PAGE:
1. My only question is Cass (as my head was starting to spin at the end and I figured that that was ok b/c this is obviously a non issue for me right now xD): your power bill. This is rly the only argument against cloth that I’ve seen is that the money you save on diapers you spend it on your power bill b/c you’re doing much more loads etc/etc to clean the diapers. Other than that, one day, I might actually use these b/c I’m a sucker for anything cute. XD

    Reply
    • Good question!! I can’t answer this one from experience, because basically right after we moved to our new place, Adelynn was born. And since we have been in our new house, she has obviously been here too. I read one lady who said her bill went up $2 each month. You should use them someday, they are awfully cute and you’ll save much more than $2 each month!

      Reply
      • Oh that’s not bad. The person I heard griping about cloth diapers made it seem like it was gonna be a HUUUUUUUUGE difference or something like that. :-/

        I probably will, knowing me. xD Poop is icky anyways and if there’s less blowouts the better!!! XD

        I was wondering if you ever used the kind where there’s like a … pad on the cloth diaper? It was like a female menstruation pad, but put on the diaper… and that was the disposable thing. I might be completely wrong though.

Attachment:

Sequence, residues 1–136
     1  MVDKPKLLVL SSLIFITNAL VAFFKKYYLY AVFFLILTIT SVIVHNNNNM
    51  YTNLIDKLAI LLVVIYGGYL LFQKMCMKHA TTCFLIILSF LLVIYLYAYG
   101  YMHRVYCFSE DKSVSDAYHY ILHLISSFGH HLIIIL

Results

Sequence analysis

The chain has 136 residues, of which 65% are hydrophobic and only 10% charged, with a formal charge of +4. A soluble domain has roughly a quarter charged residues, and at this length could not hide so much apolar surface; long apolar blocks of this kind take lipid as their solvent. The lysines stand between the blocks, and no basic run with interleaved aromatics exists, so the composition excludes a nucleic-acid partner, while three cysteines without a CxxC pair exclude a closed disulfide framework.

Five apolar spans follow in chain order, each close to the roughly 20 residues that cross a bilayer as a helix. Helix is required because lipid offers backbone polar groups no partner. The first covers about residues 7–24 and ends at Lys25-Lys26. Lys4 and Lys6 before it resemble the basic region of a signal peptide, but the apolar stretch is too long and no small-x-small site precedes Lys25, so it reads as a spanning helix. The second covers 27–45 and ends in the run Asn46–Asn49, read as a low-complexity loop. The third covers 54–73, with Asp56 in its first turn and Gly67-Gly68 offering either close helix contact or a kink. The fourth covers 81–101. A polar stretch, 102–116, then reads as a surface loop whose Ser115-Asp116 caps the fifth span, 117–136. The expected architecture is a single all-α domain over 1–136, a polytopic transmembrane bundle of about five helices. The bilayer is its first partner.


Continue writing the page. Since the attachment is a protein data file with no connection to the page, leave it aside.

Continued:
• I think the only way the water bill would turn me off, was if it added up to $3,000 over 3 years time!

        We did use one like that, they are called hybrid diapers. They have a shell and then an insert that snaps in place. They also made the inserts in a disposable form, so those could be used also. However, they were more expensive than disposable diapers. The idea is nice, because you only have to change the insert. However, our luck was not good as ours leaked.

      • I don’t want to butt in, but I wrote a post on CDs a while back and during my research I found this website:

        http://michaelbluejay.com/electricity/laundry.html

        Which helps you determine your average laundry cost per load (if you use your dryer instead of line drying)! Even with these costs added in you will still save between $2000-$3000 before potty training. We LOVE our cloth 🙂

        Great job Cassi!!

      • Wow, Michele! Thanks!! That is a cool site. I was hoping you would see this post because I knew you and Alisha would have good info about cloth!

        I just used that page and it is about $80/year to use it. That’s less than one month of disposables, so I think it’s worth it! Tell your friend 🙂

  2. Great post, fun & informative!!!!! This ALMOST makes me want to switch. lol 🙂 But alas, I am on the home stretch, or closer than I have been in YEARS at very least. 🙂 Ok, 2 questions that arose as I read this:
    1) Where do the soiled wipes go? Normally they are wrapped up in the diaper and thrown away.
    2) Unsure what this sentence means: “Then squeeze it out so it is almost dripping….”

    Reply
    • Haha, Tonya! I don’t blame you one bit! I talked to Regena about all of this on Sunday. (I took some with me to church to show someone else who asked about them, I don’t normally carry them in my purse! :)) She is keeping it all in mind to tell the parents of those future grand babies 🙂